Urbana park, school boards approve agreement with Carle

URBANA — The Urbana park and school boards have approved a property tax agreement with the Carle Foundation.

The park board voted 4-1 at a special meeting Tuesday evening to approve an agreement “settling Carle’s real-estate-tax-related claims” against the park and school districts.

“We have approved our part of it,” park board President Michael Walker said after the meeting.

The Urbana school board also unanimously approved the settlement agreement Tuesday, with no discussion.

The park district has been holding about $1.9 million of Carle property tax money in escrow. The agreement calls for the park district to pay Carle $1.0125 million.

The school district has been holding about $10.9 million in escrow.

It will return about $5.7 million to Carle.

The settlement says the school district will pay $3.8 million within the first month following the dismissal order.

Then, it will pay $397,500 by July 1, 2014, again on July 1, 2015, July 1, 2016, July 1, 2017, and July 1, 2018.

After the meeting, Superintendent Don Owen said the settlement allows the school district to focus on its mission, which is educating Urbana's students.

“We're happy to finally be able to move on and focus on our purpose, which is providing world-class schools in the community.”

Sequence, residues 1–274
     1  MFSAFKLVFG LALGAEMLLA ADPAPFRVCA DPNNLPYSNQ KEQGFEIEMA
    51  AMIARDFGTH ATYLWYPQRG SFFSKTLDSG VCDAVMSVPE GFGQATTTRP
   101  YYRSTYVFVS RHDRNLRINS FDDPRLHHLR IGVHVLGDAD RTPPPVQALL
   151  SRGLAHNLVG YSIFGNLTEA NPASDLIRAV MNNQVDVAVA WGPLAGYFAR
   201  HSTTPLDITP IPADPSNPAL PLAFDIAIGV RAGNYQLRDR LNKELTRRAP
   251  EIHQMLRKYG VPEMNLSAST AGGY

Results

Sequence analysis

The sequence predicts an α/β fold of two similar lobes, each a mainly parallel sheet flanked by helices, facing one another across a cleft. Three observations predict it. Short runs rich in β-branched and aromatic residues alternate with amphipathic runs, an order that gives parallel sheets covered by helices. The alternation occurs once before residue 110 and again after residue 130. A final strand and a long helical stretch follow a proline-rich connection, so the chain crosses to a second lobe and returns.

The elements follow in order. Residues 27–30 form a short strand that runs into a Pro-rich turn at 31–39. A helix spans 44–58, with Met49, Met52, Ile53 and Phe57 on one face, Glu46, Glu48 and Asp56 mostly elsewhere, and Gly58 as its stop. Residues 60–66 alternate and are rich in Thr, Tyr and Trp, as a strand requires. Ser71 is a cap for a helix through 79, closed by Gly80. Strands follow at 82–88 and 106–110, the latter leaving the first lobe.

Owen said it's not appropriate for him to comment on what the school district will do with the $5.1 million it will keep in the settlement agreement, because the suit must still be dismissed by Judge Chase Leonhard.

Then, Owen said the school board will have to determine what the district does with the money.

Carle would agree to accept the amounts for both the park and school districts, satisfying any claims it has asserted against the two governmental bodies for tax years 2004 through 2011.

Park board member Nancy Delcomyn was the only member of the park district board to vote against the agreement. She had no comment on why she voted no.

"Our agency and our budget are small," Walker said in a written release. "Our board chose the certainty of a mediated settlement over the continuing drain of a lawsuit in both time and money so that we can focus on providing quality parks and recreation for Urbana."

"A good settlement is thought to be one that neither side to the controversy is totally satisfied with," Urbana Park District Executive Director Vicki Mayes said in a written release. "Compromises were made as the board wanted the district to have certainty and to be out of the lawsuit so the board and staff could concentrate time, resources, and funds on the missions of the park district."

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